The administration can turn a blind eye to enforcing federal laws when it comes to marijuana farming but they won't have a choice when it comes to pollution - because they will get sued into taking action.

They may be the only ones who can do it. State agencies seem paralyzed by the prospect of standing up to hardened criminals - and that means legal people will remain the focus, which isn't fair. With marijuana increasingly becoming legalized, proponents are now going to run head on into the same government they wanted to take action on their behalf. There are going to be laws and quality standards and inspections and taxes and fees. That's all fine.  What will be harder to escape is the regulations on pollution. While marijuana growers endlessly debate the best water to grow their plants, they don't think much at all about the waste water going out at the end. But they should, if they care about the environment. And it will get them into trouble.

Or not.

Here in Sacramento, the government would love to go after marijuana farmers - but they don't have the military manpower to do it safely. The image that marijuana users portray about themselves is radically different than the reality of pot generation at the supply side; they are criminals, armed and dangerous. 

‘‘We simply cannot, in good conscience, put staff in harm’s way,’’ Central Valley Regional Water Quality Control Board Executive Director Paula Creedon told the Associated Press. Creedon is refusing to enforce laws because these are not home growers, they are Mexican cartels destroying forests and poisoning the water supply and they do not care about anyone. They are not growing marijuana to help with glaucoma, they are growing it to get rich. Overuse of pesticides and herbicides is rampant.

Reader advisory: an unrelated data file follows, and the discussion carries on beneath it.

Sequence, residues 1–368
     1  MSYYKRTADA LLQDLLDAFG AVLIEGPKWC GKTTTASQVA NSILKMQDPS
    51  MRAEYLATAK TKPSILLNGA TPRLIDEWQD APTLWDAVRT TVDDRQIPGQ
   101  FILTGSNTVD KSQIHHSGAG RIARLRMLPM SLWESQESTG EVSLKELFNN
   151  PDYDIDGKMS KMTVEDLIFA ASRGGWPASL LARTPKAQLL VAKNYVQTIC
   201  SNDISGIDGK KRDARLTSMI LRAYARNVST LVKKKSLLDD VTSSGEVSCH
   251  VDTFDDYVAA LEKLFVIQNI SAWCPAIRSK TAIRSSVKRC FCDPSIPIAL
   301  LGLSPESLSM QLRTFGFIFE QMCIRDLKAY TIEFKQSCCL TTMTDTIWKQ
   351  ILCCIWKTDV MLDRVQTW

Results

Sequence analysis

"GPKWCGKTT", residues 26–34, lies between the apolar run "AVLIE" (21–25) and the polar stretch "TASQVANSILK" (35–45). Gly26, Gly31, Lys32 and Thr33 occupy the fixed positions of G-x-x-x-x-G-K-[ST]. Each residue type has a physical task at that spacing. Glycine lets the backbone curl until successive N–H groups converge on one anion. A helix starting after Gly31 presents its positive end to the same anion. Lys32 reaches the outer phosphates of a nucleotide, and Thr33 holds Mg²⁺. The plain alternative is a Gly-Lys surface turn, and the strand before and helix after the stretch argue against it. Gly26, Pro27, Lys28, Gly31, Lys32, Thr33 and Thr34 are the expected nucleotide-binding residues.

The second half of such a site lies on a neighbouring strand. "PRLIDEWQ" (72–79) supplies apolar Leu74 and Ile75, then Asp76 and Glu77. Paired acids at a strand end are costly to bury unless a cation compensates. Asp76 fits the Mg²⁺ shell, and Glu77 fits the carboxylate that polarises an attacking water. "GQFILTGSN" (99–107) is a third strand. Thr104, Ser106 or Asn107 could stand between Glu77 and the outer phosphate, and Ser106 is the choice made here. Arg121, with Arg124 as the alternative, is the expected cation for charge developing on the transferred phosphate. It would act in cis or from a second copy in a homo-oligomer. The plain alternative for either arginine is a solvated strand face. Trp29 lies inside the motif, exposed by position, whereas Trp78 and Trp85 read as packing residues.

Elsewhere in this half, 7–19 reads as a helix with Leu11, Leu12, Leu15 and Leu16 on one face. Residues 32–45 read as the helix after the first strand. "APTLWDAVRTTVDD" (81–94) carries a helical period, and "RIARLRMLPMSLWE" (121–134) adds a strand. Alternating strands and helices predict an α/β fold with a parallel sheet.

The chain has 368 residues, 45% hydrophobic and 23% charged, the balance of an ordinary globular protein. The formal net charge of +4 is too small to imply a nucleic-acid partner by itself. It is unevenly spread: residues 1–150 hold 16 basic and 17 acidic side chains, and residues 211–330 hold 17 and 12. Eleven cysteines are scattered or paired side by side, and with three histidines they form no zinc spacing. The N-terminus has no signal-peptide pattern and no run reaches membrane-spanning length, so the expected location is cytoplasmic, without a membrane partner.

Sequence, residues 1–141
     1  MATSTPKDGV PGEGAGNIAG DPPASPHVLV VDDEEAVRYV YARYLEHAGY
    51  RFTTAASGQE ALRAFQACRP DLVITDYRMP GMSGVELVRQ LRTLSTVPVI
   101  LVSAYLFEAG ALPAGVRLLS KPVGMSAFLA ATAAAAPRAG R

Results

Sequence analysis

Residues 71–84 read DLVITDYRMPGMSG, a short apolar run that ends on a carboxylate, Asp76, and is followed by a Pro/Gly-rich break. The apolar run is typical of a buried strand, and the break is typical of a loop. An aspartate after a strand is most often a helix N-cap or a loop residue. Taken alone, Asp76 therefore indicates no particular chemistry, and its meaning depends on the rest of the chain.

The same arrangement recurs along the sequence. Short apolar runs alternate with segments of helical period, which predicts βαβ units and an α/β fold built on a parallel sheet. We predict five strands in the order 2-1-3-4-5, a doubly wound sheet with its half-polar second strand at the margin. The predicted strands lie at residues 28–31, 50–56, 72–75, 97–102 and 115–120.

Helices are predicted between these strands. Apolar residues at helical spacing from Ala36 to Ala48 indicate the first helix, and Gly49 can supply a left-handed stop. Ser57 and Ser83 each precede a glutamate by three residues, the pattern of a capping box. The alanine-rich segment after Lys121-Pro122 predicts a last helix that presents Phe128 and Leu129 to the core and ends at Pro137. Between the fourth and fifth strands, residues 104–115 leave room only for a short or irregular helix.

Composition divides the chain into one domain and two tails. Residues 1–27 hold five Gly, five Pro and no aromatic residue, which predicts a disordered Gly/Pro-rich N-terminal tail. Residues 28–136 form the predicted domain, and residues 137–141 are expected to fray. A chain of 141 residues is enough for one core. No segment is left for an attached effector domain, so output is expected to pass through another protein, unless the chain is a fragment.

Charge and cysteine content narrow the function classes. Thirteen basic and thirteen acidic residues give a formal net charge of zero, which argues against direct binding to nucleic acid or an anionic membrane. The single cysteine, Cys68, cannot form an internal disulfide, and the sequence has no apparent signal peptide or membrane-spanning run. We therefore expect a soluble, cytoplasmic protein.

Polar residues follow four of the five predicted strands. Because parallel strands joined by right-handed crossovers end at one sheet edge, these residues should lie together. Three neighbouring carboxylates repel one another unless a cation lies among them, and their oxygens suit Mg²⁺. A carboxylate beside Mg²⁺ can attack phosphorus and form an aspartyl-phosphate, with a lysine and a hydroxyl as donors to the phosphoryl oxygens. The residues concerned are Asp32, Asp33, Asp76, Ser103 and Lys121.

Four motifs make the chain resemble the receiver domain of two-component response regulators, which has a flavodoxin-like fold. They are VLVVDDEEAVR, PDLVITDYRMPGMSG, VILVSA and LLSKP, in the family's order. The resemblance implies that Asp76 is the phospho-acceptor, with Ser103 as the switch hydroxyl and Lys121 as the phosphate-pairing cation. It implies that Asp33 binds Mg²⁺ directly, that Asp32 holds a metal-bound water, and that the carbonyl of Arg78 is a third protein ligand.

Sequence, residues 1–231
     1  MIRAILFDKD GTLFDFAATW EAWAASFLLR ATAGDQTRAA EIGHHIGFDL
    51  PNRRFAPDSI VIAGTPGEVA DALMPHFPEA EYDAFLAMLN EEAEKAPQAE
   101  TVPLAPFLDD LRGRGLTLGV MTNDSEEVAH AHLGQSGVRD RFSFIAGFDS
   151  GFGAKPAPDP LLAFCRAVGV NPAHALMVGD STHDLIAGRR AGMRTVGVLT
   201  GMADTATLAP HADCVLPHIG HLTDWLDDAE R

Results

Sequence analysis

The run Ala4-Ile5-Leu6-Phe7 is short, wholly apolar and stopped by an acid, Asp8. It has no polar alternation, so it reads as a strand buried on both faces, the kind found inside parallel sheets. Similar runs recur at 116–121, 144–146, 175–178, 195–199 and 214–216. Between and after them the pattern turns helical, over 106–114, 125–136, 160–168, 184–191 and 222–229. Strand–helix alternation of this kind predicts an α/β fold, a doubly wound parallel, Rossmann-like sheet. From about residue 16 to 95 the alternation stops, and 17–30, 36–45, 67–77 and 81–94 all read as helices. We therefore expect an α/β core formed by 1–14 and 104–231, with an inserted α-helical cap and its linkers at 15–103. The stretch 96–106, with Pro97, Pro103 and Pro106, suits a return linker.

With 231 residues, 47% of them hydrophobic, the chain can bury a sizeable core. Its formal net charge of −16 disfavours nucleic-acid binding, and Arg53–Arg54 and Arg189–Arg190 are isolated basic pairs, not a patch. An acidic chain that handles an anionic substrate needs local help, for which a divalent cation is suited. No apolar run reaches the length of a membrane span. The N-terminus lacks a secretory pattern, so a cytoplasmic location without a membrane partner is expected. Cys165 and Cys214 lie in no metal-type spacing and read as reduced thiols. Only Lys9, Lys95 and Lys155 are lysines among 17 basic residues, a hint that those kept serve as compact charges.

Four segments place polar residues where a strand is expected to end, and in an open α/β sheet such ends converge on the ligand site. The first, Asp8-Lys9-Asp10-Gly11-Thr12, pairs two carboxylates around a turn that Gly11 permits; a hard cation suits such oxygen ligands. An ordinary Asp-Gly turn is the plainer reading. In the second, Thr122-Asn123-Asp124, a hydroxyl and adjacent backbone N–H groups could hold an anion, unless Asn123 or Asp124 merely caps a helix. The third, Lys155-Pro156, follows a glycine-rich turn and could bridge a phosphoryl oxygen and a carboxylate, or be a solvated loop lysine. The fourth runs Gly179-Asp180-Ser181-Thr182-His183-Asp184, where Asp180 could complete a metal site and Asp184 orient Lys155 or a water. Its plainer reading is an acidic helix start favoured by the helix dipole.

But that's the problem. An honest, ethical farmer is going to get intimidating armed officers on their doorstep but actual criminals flouting the law are avoided - because criminals have big guns too. Activists will harass logging companies, even if they are scientifically removing trees that are going to prevent a lot of wildfires, but how many activists will stage a sit-in where criminals really damage the environment? The government won't go after actual criminal polluters and neither will environmentalists. 

Butte County Supervisor Chairman Bill Connelly told the AP that the water quality board was not applying the law equally.‘‘My concern is that legitimate business people get harassed (by the agency), but illegal people will not be harassed because they get a pass,’’ he said. ‘‘They go after the timber industry and farmers.’’

So the regional water boards, which are tasked with enforcing both federal and state laws, only go after soft targets that are doing far less damage to the environment. 

The data is there should the government opt to prosecute criminals.  Scientists can see what is happening in waste water, and not just for illegal farming but for illegal drug use overall.

So even in areas where drug arrests and surveys don't really tell the whole story about drug are prevalence, sewage epidemiology can.  It is easy to know the real drug usage of communities by analyzing their water. 

All kinds of excreted drug residues stick around in toilet water.  So if you think cocaine usage in Milan really goes up on weekends, that's one thing, but there is a way to know (and it does).